Let’s talk about: Self- ESTEEM

When I had C. as my client, it took me some time to establish rapport with her. Once I understood that she was able to trust me, I challenged her by asking her “What’s self-esteem?” She replied, “I don’t know, but I want it.” That moment I realized that on a societal level, we’ve paired self-esteem with success; yet, we don’t know how to have self-esteem or what it is. So, my next question was “How can you have or want to have something that you don’t know what is?” She kept quiet with a eureka gaze in her eyes. I’d never told her, but that was also a eureka moment for me because the picture was becoming clear for me as well. The first obstacle which keeps people from having a healthy self-esteem is because they do not know what they want. So, what is self-esteem?

The origin of the word “esteem” stems from the Latin word “aestimare” which means “to estimate.” Through the years the meaning of the word changed to “worth” and “reputation.” As my session with C continued, she explained to me that she believes she has “low” self-esteem because “I’m worthless at whatever I do.” Without being aware, C. told me herself the second barrier which keeps her from achieving healthy self-esteem. Self-esteem is the estimation/worth you decided to give to your abilities. In other words, self-esteem is an attitude which it’s cultivated based on your self-image.

Let me distill what I mean. Humans have the ability and tendency to place value on aspects of themselves. This ability is beneficial since we can indicate our strengths and weaknesses. By realistically evaluating our abilities, we get the choice to improve.

Now, let’s take a look at how healthy self-esteem looks like. We consider someone to have healthy self-esteem by the way he/she handles an at-risk situation. When someone is in an at-risk situation (usually an unknown situation or a situation associated with fear and stress) he/she activates their core beliefs which act as filters to evaluate the situation. A core belief can be either positive or negative. In the case of healthy self-esteem, you will develop more balanced evaluations and realistic expectations about the situation you have to face, through your positive core belief. These thoughts will automatically lead you in engaging in helpful behaviors.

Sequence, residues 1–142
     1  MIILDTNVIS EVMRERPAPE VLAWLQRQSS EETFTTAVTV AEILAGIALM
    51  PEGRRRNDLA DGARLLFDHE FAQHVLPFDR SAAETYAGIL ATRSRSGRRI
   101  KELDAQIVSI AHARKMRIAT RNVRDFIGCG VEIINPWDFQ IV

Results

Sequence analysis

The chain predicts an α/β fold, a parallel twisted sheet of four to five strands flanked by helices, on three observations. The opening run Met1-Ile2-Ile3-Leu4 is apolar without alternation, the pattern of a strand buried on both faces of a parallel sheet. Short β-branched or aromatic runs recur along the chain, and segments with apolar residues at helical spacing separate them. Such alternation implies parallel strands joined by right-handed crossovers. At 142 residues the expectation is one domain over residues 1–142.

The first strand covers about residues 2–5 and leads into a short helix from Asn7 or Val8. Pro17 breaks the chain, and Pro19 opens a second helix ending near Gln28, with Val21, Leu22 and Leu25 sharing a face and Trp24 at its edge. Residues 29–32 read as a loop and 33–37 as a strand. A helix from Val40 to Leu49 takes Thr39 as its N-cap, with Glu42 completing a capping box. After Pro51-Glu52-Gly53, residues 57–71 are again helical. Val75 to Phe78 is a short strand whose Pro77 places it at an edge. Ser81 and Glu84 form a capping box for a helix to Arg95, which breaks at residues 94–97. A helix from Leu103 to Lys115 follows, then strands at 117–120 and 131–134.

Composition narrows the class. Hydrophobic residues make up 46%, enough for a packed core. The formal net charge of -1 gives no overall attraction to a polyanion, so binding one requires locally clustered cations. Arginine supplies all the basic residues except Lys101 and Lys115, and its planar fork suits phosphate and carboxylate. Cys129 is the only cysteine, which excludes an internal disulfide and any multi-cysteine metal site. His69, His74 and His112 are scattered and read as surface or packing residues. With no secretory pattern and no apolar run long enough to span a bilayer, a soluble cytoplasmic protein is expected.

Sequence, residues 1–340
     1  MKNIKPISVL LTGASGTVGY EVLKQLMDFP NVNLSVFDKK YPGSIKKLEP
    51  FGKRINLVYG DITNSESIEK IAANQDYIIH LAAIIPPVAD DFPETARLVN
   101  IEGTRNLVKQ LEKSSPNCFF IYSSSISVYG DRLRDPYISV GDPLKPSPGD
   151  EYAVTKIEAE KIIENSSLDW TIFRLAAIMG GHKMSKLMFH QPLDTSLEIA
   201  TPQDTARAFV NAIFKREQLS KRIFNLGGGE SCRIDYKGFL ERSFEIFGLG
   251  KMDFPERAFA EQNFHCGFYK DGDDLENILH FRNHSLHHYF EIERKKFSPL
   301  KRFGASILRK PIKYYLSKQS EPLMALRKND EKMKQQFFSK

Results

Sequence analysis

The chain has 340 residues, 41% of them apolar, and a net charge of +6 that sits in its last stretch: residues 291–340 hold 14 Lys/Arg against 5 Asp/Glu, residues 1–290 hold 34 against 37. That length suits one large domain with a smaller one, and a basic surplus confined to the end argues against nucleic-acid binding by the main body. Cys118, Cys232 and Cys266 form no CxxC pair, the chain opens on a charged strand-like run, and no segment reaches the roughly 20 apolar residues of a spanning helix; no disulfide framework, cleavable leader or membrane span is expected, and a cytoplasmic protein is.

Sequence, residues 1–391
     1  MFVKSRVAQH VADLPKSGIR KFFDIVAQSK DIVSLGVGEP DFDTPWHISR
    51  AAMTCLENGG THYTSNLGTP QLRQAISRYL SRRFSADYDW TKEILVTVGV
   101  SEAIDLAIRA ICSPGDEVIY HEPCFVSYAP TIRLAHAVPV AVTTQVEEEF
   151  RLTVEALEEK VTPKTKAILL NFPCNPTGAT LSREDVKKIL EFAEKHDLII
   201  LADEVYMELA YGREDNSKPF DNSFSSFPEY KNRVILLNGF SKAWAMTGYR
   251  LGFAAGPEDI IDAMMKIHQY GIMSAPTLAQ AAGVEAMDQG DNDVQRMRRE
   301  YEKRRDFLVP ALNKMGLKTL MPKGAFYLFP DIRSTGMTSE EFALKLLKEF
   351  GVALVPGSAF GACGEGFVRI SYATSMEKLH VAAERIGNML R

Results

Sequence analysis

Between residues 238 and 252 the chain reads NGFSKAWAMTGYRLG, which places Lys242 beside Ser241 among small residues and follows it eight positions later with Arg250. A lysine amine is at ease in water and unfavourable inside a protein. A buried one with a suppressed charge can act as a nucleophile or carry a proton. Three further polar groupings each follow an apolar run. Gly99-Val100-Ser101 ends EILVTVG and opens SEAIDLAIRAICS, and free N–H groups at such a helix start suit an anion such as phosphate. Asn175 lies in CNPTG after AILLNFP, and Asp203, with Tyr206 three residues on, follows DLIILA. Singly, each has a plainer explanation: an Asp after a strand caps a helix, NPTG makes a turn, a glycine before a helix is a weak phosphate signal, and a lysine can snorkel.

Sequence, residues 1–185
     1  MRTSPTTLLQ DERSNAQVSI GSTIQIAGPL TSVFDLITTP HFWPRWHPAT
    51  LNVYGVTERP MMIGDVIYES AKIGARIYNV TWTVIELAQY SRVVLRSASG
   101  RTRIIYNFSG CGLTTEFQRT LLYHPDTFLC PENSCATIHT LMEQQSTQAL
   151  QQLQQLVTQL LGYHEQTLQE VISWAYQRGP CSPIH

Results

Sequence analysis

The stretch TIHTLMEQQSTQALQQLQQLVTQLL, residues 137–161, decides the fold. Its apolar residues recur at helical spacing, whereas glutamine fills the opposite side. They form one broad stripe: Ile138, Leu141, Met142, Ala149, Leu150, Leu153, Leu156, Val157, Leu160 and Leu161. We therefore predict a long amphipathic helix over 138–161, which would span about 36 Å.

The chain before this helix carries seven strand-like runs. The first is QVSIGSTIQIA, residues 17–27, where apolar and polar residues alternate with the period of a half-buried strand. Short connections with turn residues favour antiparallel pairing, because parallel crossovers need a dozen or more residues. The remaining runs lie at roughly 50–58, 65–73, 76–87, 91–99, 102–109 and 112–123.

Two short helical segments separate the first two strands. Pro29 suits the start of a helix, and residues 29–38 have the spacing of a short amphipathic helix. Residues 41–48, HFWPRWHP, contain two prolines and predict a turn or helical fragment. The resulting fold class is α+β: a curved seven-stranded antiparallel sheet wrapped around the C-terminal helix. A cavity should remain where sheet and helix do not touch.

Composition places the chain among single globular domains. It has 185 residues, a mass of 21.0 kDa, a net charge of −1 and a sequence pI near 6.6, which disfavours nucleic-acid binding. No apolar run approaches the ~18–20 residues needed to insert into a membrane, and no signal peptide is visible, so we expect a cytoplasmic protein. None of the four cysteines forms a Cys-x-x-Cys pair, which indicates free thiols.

Make no mistake, having positive core beliefs does not mean you ignore the risks or possibilities of failure. It simply means you have a positive approach regardless of the consequences and the result. According to Rational Emotive Behavioral Therapy (REBT), having healthy self-esteem is the acceptance of your vulnerabilities.

Speaking of REBT, when I first met Terry London who is one of the Co-Director at the Chicago Institute for Rational-Emotive Behavior Therapy (REBT), he said that even if he fails at the presentation that he was giving at that moment, he will go home think of what to change and improve to become a better speaker. Not being good at this presentation is not about himself, but about his skills. Considering that self-esteem is about our abilities, it suggests that it can be changed by situation and period. Therefore once you get equipped with the skills, developing healthy self-esteem becomes a skill on which you could keep working continuously.